Customizing the export

Better BibTex adds a couple of export formats to Zotero’s export dialog. The Better BibTeX configuration pane can be found under the regular Zotero preferences pane, tab ‘Better BibTeX’. Through the configuration pane of BBT you can customize the BibTeX file that will be exported:

  • Automated background exports. Tick ‘keep updated’ during export, and that’s that.
  • Unicode conversion: the default is to retain unicode characters on export for BibLaTeX, and to convert to LaTeX commands (where possible) for BibTeX. You can specify whether you want to retain this default, or whether you want BBT to always export translating to LaTeX commands, or never to do this translation.
  • Recursive collection export: when exporting a collection, recursive export will include all child collections. Note that this also sets Zotero to display collection contents recursively.
  • Omit fields from export: Should you so wish, you can prevent fields of your choosing from being exported. In the configuration screen, add a comma-separated list of BibTeX fields you do not want to see in your export. The fields are case-sensitive, separated by a comma only, no spaces.
  • Configurable citekey generator
  • Push-and-Pull-Export: You can fetch your library as part of your build, using curl (for example by using the included zoterobib.yaml arara rule), or with a BiblaTeX remote statement like \addbibresource[location=remote]{http://localhost:23119/better-bibtex/collection?/0/8CV58ZVD.biblatex}.
  • Add other custom BibLaTeX fields

BBT http export uses the general Zotero HTTP facility; please note that disabling this will disable ALL HTTP facilities in Zotero – including the non-Firefox plugins provided by Zotero.

Add your own BibLaTeX fields

There are three alternative methods:

Square brackets []

You can add any field you like by using something like

bibtex[origdate=1856;origtitle=An Old Title]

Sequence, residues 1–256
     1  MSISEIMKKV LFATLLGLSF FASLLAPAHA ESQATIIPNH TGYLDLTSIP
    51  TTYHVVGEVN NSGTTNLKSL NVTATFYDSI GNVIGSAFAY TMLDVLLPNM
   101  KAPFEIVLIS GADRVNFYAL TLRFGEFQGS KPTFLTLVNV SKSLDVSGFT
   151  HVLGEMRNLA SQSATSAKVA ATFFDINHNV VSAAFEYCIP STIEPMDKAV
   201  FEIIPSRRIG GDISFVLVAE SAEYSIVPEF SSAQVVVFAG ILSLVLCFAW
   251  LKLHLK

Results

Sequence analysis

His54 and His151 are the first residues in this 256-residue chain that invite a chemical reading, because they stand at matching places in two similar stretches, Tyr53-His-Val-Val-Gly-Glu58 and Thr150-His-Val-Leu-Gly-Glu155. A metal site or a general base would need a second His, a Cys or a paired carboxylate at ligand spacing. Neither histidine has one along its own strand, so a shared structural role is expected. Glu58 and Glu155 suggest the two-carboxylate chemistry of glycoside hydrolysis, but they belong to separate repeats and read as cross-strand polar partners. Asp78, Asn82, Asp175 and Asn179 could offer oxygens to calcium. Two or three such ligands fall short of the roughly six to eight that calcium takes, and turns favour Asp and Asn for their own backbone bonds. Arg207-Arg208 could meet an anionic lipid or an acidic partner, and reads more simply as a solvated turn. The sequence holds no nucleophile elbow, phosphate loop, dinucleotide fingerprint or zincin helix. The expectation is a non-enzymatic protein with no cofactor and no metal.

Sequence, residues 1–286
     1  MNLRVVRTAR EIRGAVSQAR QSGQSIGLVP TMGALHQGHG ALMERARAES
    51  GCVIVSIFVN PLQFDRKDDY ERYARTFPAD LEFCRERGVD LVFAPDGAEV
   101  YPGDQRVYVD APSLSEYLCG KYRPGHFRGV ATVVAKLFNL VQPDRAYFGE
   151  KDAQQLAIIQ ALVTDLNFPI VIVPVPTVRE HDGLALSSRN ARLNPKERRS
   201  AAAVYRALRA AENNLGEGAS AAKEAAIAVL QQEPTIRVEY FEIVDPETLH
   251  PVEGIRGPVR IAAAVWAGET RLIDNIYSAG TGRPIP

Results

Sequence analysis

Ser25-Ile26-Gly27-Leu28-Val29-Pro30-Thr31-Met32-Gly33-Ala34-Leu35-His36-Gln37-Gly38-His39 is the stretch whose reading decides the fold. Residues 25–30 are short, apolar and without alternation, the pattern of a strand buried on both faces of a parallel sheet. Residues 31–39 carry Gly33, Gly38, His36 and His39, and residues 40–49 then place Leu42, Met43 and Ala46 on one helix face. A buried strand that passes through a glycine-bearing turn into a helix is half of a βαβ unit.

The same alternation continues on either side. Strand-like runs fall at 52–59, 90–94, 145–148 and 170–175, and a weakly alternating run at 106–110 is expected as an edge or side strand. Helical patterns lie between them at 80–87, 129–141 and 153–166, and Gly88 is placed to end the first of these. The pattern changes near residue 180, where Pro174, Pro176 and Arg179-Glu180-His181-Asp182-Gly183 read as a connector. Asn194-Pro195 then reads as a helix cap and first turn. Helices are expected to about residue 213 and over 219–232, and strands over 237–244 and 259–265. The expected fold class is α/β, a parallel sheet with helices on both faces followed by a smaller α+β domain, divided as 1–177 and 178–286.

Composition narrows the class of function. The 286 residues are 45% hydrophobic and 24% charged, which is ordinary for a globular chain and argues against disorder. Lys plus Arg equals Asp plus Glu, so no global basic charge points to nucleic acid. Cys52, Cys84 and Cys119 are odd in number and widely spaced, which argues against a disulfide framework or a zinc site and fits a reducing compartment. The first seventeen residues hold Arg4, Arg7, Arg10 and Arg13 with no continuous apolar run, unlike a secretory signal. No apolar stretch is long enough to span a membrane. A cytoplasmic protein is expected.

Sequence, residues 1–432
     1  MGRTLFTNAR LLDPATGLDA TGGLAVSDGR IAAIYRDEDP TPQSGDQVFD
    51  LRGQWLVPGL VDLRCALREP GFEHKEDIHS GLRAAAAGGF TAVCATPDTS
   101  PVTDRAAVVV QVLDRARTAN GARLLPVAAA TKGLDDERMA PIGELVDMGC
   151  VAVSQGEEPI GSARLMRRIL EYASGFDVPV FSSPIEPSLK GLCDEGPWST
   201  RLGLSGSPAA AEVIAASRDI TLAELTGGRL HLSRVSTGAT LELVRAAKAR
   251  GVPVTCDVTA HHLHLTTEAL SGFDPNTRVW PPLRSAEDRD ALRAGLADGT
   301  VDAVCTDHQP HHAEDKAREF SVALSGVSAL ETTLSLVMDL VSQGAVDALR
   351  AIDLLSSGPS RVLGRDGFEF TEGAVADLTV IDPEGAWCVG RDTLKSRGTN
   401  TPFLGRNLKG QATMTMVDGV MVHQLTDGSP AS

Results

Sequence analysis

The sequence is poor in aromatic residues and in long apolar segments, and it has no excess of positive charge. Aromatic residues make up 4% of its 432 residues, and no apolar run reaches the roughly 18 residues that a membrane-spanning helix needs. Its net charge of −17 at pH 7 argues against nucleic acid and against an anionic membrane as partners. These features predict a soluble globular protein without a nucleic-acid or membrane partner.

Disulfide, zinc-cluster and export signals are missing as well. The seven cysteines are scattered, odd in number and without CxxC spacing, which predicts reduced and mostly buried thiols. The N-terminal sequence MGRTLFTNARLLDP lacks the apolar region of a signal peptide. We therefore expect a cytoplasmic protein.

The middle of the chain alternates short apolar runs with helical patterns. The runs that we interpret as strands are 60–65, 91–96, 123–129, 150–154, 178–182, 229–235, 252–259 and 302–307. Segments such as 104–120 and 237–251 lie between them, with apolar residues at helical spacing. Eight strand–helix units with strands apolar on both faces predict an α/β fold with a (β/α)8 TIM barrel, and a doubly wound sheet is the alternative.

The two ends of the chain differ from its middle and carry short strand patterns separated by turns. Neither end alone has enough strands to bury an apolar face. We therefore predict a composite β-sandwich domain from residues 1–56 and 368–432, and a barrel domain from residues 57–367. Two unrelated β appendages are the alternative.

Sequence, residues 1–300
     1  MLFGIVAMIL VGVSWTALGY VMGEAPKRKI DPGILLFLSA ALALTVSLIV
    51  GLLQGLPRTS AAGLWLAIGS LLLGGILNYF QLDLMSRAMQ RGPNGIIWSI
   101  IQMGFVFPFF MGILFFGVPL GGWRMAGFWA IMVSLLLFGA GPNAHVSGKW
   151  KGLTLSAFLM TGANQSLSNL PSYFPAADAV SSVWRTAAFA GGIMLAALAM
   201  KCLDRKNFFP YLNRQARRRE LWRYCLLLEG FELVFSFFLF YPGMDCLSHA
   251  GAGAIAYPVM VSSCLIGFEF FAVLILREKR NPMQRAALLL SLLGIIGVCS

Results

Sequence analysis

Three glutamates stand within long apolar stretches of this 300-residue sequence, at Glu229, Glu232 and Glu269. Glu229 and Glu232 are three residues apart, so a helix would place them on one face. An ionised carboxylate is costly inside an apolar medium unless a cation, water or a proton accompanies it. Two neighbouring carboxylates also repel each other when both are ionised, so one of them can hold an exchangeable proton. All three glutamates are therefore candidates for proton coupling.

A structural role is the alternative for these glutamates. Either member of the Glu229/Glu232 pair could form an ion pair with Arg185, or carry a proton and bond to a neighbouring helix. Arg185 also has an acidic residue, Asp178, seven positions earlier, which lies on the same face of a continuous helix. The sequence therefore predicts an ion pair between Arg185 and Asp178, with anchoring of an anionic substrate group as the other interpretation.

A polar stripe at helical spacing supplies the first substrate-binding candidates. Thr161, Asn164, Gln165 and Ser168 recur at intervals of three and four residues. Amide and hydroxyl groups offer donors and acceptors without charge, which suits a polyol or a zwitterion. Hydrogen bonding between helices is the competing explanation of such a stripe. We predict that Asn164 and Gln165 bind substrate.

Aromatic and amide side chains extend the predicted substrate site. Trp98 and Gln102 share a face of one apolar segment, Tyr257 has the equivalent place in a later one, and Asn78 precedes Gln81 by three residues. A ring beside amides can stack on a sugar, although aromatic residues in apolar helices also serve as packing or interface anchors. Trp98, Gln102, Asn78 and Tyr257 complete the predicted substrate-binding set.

in the extra field of your reference. This format is very rigid, it has no quoting syntax, so you can’t have =, [, ] or ; in your key names or values.


If you need more flexibility, you can use the JSON5 format instead:

  origdate: 1856,
  origtitle: "Can contain = and ';' just fine"

The marker for these fields can be either bibtex, biblatex or biblatexdata, but when importing BibTeX files with fields not supported by Zotero, the bibtex marker will be used. These fields are assumed to be valid LaTeX, and will be exported exactly as entered.

If you want to have them LaTeX encoded, add an asterisk (*) after the marker, so something like

  origdate: 1856,
  origtitle: "Things like _ and $ will be escaped"

CSL fields

The final way to add fields is by using CSL fields in the format {:original-date: 1856}. These fields will not only be exported to Bib(La)TeX, but will also be picked up by the Zotero Bibliography manager, even though not all Zotero styles yet support this.

Common notes

If you add a field called referencetype using either of these methods, that value will be used as the reference type instead of the one usually inferred from the Zotero reference type. You can use this to create, for example, @customa{citekeyhere, ....} type references.

You can fix the citation key for a reference to a value of your choosing by adding the text bibtex: [your citekey] anywhere in the “extra” field of the reference.

Note that the default biblatex styles do not seem to support origdate; you can find possible solutions for this at Stack Exchange here and here.

You wanted customized…

You got customized. If you go into the Advanced preferences of BBT, find an edit field labeled Postscript, empty by default. In this, you can paste a JavaScript snippet which will be executed for each reference generated in the Bib(La)TeX exporter. In this code, you have access to the reference just before it will be written out and cached. Examples and the documentation-in-progress for the script environment can be found here; feel free to add your own examples.

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